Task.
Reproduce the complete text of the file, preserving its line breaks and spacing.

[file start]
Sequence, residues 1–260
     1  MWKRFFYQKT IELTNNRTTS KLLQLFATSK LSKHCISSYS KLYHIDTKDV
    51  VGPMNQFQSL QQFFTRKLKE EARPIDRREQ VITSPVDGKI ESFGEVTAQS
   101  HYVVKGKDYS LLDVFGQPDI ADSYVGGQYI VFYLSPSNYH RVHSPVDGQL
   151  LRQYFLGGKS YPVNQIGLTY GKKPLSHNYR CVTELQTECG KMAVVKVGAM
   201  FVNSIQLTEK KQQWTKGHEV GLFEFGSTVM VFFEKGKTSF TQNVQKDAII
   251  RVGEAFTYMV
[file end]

Sequence, residues 1–260
     1  MWKRFFYQKT IELTNNRTTS KLLQLFATSK LSKHCISSYS KLYHIDTKDV
    51  VGPMNQFQSL QQFFTRKLKE EARPIDRREQ VITSPVDGKI ESFGEVTAQS
   101  HYVVKGKDYS LLDVFGQPDI ADSYVGGQYI VFYLSPSNYH RVHSPVDGQL
   151  LRQYFLGGKS YPVNQIGLTY GKKPLSHNYR CVTELQTECG KMAVVKVGAM
   201  FVNSIQLTEK KQQWTKGHEV GLFEFGSTVM VFFEKGKTSF TQNVQKDAII
   251  RVGEAFTYMV